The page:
In a recently posted article on Business Week's Outside Shot, Henry S. Givray diagnoses the problem.
The problem's roots lie in the fact that the terms "CEO" and "leader" have mistakenly become synonymous. Nothing could be further from the truth. CEOs are measured by quantitative results. Leaders are shaped and defined by character. CEOs are expected to boost sales, improve profit margins, and make money for shareholders. Leaders inspire and enable others to do excellent work and realize their potential. As a result, they build successful, enduring organizations.It's time, Givray feels, that CEOs become leaders again. And how should this be accomplished in the face of the pressures of Wall Street to meet short term financial goals? Givray suggests,
Corporate board members and others who recruit CEOs must adopt disciplined approaches to investigate a candidate's character. For example, divide the interview process into two distinct components to vet candidates on both traditionally examined management talents, as well as on their lived--not just spoken--values.That sounds like a pretty idea, but it seems unlikely if all the incentives are towards ruthlessness. Writing on the Huffington Post yesterday, Stephen H. Baum has different ideas about where reform will come from. He reminds those who have a stake in the public perception of the business community that the ball is firmly in their court:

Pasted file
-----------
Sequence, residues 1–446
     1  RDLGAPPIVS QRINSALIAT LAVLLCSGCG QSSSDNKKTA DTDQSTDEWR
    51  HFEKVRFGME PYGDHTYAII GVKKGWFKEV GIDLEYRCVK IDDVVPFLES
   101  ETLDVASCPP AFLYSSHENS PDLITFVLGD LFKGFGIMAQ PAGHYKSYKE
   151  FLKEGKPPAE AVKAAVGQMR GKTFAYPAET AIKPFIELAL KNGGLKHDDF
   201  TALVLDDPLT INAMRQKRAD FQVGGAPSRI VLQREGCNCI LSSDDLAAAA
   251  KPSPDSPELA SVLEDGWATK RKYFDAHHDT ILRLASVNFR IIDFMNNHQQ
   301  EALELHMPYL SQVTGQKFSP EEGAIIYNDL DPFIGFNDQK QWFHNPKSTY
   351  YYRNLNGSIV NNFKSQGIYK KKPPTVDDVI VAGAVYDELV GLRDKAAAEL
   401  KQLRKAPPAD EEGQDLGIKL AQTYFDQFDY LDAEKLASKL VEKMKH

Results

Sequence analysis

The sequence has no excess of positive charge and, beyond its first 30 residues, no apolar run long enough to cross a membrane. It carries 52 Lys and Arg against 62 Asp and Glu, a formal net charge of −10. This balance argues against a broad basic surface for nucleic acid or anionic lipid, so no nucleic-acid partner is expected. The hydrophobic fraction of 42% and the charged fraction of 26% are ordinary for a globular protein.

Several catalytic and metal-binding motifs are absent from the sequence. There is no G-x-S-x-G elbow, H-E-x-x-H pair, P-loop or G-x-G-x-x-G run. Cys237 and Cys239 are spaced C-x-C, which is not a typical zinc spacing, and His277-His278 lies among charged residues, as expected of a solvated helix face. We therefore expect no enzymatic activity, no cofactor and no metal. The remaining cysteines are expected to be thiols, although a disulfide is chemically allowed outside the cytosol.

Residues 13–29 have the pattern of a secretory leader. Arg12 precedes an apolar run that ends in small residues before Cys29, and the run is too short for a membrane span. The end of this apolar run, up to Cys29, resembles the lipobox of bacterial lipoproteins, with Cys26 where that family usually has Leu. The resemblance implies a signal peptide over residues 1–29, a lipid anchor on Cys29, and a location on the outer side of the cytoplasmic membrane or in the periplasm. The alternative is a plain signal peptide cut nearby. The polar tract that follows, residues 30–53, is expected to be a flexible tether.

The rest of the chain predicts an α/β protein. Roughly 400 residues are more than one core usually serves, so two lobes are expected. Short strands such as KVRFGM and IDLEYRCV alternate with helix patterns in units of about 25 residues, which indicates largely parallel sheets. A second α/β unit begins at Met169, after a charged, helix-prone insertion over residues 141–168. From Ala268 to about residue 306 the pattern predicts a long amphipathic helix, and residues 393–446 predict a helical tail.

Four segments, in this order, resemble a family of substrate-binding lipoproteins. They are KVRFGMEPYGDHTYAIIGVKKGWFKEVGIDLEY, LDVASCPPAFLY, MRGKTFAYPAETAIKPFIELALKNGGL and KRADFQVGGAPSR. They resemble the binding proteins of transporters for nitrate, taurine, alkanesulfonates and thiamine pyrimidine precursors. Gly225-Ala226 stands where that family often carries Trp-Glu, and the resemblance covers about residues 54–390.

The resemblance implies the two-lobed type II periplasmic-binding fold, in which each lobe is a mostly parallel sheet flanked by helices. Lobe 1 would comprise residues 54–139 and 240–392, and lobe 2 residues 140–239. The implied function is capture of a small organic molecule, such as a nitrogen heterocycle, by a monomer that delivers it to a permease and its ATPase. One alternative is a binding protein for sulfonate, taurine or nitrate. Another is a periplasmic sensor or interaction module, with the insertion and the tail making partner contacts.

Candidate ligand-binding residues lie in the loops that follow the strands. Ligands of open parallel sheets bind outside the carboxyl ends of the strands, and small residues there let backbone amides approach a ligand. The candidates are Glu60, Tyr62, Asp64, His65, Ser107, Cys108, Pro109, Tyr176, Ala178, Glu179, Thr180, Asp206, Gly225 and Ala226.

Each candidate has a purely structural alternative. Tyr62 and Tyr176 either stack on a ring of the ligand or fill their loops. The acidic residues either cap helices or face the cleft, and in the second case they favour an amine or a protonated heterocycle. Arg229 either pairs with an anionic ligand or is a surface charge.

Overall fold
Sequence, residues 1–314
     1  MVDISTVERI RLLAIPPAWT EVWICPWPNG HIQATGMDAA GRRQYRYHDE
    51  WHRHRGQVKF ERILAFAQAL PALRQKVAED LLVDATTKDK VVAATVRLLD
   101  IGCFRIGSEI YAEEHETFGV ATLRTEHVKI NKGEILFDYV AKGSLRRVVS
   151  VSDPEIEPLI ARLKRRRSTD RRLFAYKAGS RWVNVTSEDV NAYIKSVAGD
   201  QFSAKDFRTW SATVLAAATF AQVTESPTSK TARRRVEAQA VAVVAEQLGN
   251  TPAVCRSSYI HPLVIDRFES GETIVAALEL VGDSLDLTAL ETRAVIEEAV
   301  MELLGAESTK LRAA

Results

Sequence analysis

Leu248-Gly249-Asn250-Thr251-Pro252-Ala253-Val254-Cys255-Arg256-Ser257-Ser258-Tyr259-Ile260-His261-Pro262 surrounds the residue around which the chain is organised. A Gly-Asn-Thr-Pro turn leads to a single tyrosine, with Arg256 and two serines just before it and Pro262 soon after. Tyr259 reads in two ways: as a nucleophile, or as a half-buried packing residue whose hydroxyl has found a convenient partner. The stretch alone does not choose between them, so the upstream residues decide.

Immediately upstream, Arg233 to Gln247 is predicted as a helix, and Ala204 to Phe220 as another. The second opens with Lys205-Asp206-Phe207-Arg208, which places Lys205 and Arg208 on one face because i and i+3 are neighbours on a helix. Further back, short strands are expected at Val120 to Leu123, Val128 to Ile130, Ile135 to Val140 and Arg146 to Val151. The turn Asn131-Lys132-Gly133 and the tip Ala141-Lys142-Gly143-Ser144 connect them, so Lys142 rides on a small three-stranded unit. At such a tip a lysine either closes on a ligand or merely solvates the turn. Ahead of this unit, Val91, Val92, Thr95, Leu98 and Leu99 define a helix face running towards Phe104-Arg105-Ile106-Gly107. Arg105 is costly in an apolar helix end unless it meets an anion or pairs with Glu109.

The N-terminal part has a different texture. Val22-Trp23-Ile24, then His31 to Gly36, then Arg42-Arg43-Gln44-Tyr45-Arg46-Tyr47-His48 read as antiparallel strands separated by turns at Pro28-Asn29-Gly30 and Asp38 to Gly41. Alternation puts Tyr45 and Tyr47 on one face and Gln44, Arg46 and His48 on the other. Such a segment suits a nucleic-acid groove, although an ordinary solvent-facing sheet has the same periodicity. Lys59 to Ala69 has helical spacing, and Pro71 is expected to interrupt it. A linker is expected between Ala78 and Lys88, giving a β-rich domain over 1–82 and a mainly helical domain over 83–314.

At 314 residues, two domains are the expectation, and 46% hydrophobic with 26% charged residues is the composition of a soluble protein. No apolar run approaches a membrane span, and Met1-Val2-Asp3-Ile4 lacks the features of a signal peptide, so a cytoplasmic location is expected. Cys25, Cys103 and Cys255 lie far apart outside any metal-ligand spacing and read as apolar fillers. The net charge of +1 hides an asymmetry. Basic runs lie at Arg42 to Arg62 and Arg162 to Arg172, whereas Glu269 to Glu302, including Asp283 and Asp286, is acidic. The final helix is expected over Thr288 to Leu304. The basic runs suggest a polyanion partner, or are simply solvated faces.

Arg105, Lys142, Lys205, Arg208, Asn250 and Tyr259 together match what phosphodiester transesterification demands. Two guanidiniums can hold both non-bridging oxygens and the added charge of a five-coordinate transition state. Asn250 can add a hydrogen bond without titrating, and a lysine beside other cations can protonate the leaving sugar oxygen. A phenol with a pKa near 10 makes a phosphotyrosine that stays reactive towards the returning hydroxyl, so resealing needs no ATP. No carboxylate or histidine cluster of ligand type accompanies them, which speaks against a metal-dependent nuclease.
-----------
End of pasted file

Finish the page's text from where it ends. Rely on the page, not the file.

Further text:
You are not entitled to your low expectations [of CEOs] if you have not been an activist investor, participated in an annual meeting, written a letter to the board of directors, written to your local newspaper, started your own "soandsosucks.com" -- done something active.Rather than dreaming that corporate boards will somehow magically decide to consider the long term health of the business community when hiring CEOs, perhaps its time for people who believe in business and believe it can function ethically for the public good, to start making some more noise.